Used Coffee Proving Fertile Grounds for Sustainability
Starbucks, Nestle and the University of Cincinnati are among the organizations turning spent coffee grounds into bioplastics, laundry detergents and biodiesel, The Guardian reports.
Starbucks currently purchases around 400 million pounds of coffee a year and is working on turning the used grounds, along with its bakery waste, into laundry detergents, bioplastics and other products.
The coffee giant is donating the waste to a research project at the City University of Hong Kong. Researchers blend the grounds and baked goods with fungi that break down the carbohydrates into simple sugars that can the be processed into succinct acid, a key ingredient in many products including bioplastics and laundry detergents.
Nestle, which has been burning waste coffee to make energy for decades, now uses it as a heat source for cooking food products at 22 of its 28 coffee factories. Coffee grounds fulfill all of the “actual energy needs” of two of Nestle’s newest coffee factories in Vietnam and China, the company says.
The University of Cincinnati is researching how to use spent grounds as a feedstock for biodiesel. Researchers at the school, who sourced the grounds from an on-campus Starbucks branch, found that grounds are comprised on average 11 to 20 percent oil, roughly the same as the amount of oil found in other more traditional feedstocks, The Guardian reports.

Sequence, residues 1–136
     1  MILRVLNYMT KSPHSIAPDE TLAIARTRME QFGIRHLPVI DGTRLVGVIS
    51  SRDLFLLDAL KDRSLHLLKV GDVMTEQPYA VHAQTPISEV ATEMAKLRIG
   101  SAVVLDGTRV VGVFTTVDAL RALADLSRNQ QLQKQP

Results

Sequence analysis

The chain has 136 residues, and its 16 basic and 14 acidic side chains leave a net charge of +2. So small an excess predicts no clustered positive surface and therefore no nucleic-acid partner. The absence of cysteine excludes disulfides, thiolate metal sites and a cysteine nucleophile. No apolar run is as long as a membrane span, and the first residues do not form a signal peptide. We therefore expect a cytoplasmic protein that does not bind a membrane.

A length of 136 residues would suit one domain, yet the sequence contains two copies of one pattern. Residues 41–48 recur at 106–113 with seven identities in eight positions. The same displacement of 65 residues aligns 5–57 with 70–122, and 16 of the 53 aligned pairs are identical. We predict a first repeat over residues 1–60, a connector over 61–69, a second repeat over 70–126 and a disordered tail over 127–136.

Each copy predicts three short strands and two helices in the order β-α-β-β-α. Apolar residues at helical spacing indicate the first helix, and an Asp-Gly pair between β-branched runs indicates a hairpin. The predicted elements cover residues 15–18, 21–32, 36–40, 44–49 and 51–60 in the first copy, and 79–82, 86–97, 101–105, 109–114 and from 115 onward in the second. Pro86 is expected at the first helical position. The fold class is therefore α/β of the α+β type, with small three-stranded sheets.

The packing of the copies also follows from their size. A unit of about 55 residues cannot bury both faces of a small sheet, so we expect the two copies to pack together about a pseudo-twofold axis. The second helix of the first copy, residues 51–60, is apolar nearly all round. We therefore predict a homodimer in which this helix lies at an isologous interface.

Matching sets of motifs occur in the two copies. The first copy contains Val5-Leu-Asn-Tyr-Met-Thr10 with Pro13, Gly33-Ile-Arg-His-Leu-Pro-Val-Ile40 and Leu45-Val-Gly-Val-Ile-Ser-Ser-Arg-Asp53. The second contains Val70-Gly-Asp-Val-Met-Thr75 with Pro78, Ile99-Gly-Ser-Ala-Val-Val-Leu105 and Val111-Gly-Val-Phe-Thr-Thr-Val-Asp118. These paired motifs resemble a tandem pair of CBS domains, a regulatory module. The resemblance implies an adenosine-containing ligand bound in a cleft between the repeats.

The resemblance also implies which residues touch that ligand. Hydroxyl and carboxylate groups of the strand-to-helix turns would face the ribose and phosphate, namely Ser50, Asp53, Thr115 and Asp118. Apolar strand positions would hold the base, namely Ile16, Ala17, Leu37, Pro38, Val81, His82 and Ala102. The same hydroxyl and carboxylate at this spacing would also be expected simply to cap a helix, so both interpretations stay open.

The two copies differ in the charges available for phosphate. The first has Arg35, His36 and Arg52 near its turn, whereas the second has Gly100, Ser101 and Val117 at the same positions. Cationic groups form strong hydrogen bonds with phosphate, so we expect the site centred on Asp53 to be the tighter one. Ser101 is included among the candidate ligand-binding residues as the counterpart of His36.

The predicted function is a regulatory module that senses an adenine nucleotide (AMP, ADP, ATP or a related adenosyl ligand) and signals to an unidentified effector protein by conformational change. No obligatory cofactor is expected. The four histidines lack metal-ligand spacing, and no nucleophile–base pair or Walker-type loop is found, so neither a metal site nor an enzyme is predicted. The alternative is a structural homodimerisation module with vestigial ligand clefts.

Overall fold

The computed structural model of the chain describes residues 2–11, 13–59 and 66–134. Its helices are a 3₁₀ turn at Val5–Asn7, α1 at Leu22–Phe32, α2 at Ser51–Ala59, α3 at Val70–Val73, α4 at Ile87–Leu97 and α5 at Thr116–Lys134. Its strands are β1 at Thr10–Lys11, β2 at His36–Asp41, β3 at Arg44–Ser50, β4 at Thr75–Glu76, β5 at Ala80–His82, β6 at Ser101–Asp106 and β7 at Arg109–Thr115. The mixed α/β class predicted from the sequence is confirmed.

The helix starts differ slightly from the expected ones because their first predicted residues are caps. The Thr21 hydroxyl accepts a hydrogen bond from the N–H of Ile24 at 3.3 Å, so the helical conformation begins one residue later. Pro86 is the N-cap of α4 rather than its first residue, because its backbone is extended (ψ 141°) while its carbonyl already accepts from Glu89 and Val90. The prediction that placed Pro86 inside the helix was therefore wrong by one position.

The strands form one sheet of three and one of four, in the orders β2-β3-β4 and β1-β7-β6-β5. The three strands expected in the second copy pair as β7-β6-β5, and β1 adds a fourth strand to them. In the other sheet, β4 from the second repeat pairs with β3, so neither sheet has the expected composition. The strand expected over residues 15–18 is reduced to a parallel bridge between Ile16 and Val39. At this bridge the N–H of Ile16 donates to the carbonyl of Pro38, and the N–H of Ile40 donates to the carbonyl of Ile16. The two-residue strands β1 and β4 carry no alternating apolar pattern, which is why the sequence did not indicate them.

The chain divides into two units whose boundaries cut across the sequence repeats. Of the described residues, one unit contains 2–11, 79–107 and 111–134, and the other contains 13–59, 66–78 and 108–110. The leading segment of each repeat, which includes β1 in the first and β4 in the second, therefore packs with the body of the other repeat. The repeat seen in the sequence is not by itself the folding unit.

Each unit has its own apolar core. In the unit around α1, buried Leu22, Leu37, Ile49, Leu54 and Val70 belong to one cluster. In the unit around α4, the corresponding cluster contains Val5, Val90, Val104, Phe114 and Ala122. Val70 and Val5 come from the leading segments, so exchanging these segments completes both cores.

The students are also investigating how to use grounds in activated carbon air and water filters. Business students on campus are currently trying to patent the process in hopes of starting an industry.
Mars Drinks, which makes Flavia coffee, and TerraCycle have a partnership that aims to recycle all elements of the coffee-making process.
In December 2011, Green Mountain Coffee Roasters announced that it was working with University of North Dakota researchers and bioenergy specialist Wynntryst LLC on a project aimed at using the waste from its coffee processing plant to produce energy. The university’s Energy & Environmental Research Center and the two Vermont-based companies said they would develop a gasification power system fueled by coffee residues, plastic packaging, paper, cloth, burlap and Keurig single-serve plastic cups.
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